Monday, 08 April 2013 08:07



Gender Empowerment is conceived as a process by which women can overcome many of the hurdles that they face such as education, work status, employment opportunities, health care, social security, position in decision making by virtue of their gender. Thus gender empowerment veritably implies empowerment of women to do away with subordination or discrimination and injustices done to them in male dominated society.

Measures taken by the Government of India include the establishment of the National Commission for Women(NCW), Rashtriya Mahila Kosh(RMK), launching of Indira Mahila Yojana(IMY), Balika Samridhi Yojana(BSY) and Rural Women’s Development and Empowerment Project(RWDEP). Formulating a National Policy for Empowerment of Women and Setting up a National Resource Centre for women are other efforts of the context undertaken by government in the interests of women.


The PC-PNDT Act (Pre conception and Pre Natal Diagnostic Techniques (Prohibition of Sex selection) Act -1994) was enacted on 20 September 1994 with the intent to prohibit prenatal diagnostic techniques for determination of the sex of the fetus leading to female feticide. That is to say the preliminary object was to put a check on female feticide. No doubt the bare perusal of the Act indicates that it is a draconic act from the point of its effect on radiologists/sonologists. The Act does not offer any escape to the erring radiologist/sonologist.

The basic features of the PC-PNDT Act are:

  • Registration under Section (18) of the PC-PNDT Act.
  • Written consent of the pregnant woman and prohibition of communicating the sex of fetus under Section 5 of the Act.
  • Maintenance of records as provided under Section 29 of the Act.
  • Creating awareness among the public at large by placing the board of prohibition on sex determination.
  • The Act penalizes all the errants, either involved in sex determination or non-maintenance of records.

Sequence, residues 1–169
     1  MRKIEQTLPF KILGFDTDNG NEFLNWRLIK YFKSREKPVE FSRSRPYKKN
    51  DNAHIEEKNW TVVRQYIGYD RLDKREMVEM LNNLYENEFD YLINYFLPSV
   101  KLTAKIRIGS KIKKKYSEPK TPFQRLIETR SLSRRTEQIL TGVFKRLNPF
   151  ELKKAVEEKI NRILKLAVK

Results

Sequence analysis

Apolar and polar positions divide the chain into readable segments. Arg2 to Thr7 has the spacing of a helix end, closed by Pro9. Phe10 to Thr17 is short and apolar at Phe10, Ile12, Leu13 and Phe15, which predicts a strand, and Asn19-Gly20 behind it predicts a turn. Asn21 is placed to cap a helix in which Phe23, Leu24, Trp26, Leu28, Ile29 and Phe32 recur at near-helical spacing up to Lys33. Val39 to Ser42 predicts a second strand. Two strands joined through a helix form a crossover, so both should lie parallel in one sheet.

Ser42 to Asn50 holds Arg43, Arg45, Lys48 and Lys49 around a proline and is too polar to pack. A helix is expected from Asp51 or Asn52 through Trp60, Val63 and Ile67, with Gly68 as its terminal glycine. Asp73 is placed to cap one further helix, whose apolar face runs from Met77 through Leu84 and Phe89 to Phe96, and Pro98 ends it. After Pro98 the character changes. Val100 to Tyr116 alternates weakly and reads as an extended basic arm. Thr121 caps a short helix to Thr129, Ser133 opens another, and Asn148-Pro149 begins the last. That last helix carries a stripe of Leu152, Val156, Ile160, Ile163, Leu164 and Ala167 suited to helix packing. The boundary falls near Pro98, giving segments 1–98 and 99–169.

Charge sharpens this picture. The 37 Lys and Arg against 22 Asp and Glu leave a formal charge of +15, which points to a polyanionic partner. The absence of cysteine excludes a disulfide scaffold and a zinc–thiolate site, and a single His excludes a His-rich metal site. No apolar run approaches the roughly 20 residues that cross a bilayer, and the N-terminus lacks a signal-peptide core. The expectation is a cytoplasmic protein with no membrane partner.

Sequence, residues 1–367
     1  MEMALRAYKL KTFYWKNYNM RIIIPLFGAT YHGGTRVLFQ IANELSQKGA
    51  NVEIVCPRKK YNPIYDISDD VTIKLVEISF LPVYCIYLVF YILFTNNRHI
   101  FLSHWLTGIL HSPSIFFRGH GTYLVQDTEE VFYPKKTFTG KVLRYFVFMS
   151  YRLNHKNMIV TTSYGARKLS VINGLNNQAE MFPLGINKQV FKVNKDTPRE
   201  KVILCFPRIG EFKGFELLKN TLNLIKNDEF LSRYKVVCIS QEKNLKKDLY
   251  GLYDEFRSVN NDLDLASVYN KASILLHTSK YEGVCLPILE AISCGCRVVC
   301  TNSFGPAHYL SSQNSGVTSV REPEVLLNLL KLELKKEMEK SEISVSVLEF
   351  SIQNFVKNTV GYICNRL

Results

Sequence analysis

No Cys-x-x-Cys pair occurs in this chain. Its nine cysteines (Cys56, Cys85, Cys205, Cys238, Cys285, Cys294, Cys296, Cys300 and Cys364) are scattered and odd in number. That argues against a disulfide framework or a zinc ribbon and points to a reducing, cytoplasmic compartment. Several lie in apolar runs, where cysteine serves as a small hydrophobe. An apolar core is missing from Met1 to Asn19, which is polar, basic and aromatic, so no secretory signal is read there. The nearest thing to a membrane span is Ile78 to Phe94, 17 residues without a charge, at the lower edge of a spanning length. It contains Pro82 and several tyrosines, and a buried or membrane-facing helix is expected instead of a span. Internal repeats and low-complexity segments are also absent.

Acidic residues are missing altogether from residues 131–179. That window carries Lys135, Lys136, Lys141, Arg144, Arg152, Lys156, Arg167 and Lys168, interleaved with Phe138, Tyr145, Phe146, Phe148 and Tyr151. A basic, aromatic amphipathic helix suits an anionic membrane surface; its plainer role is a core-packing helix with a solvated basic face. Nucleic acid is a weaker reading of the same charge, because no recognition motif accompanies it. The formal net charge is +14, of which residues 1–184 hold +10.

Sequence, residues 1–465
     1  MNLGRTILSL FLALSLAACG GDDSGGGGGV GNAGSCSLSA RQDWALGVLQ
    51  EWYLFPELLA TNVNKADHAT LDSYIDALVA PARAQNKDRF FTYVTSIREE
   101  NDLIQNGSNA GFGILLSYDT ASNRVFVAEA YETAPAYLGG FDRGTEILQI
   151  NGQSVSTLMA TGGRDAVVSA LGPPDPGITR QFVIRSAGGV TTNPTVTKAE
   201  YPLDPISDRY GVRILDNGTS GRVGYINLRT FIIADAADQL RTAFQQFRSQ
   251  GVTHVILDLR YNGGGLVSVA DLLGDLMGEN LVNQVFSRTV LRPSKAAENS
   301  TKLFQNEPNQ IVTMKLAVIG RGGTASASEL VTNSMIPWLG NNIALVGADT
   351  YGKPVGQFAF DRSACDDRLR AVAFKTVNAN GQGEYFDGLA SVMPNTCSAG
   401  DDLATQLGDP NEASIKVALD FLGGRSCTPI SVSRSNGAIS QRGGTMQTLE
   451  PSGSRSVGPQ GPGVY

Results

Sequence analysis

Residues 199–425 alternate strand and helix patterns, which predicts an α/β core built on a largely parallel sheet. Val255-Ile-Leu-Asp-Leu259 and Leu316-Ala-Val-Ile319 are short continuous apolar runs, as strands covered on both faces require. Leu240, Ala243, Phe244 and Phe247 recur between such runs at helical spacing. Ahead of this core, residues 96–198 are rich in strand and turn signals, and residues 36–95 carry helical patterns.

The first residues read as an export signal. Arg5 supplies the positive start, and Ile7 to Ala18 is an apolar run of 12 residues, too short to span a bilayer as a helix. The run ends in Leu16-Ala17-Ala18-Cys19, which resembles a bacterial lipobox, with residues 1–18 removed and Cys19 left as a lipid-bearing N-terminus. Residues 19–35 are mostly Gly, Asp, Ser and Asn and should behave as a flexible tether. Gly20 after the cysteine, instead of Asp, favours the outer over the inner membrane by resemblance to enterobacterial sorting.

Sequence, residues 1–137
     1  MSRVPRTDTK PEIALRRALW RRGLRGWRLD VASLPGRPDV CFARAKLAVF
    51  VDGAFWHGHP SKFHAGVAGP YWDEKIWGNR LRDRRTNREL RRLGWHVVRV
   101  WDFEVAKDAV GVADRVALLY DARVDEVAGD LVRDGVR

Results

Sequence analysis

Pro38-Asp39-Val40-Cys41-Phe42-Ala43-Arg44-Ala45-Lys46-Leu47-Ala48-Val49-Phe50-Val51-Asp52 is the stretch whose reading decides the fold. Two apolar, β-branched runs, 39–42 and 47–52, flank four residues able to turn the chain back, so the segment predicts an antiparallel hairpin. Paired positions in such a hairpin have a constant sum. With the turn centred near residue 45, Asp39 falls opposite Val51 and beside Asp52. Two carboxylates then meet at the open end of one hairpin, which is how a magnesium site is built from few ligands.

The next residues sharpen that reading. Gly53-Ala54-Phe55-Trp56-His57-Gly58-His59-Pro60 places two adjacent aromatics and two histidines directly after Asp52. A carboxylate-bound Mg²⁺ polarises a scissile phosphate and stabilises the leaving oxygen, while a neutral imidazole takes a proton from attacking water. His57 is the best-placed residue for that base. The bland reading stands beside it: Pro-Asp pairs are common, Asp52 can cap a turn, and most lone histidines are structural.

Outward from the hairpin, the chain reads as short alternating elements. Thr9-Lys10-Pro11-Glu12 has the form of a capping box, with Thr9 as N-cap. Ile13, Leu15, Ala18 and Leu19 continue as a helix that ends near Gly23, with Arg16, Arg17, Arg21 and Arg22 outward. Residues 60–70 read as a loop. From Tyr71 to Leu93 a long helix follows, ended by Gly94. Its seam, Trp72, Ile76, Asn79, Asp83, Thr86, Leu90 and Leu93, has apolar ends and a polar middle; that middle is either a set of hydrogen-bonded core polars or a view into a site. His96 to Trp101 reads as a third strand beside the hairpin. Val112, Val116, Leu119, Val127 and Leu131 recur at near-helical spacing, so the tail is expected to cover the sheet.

• Khap is a cluster of villages united by caste and geography. It is as old as 14th century started by upper caste jats to consolidate their power and position. The main rule is that all boys and girls within a khap are considered siblings.
  • Khap panchayat governs the khap formed by same gotra (clan) families from several neighbouring villages. Khap panchayats are prevalent in Haryana, western Uttar Pradesh and Parts of Rajasthan. Love marriages are considered taboo in areas governed by Khap panchayats.Those living in a Khap is not allowed to marry in the same gotra or even in any gotra from the same village. Many young couples have been killed in the past defying khap rules.
  • Khap panchyat imposes its writ through social boycotts and fines and in most cases end up either killing or forcing the victims to commit suicide. All this is done in the name of brotherhood and its honour. It is due to the inherent weakness of democratically elected Panchayati Raj institutions, Khap panchayats have been powerful. Even the government has not done much to control their power.
  • The 10-15 men who constitute a Khap settle disputes and control the lives of young people. Many village people also defend these caste panchayats as they deliver the verdict in one sitting whereas court cases drag for years. According to them, in many cases innocent people get harassed in the court and by police. Here as   everyone is known so they cross check everything to ensure neutrality.


Women's Reservation Bill or the The Constitution (108th Amendment) Bill, is a pending bill in India which proposes to amend the Constitution of India to reserve 33 per cent of all seats in the Lower house of Parliament of India, the Lok Sabha, and in all state legislative assemblies for women. The seats to be reserved in rotation will be determined by draw of lots in such a way that a seat shall be reserved only once in three consecutive general elections.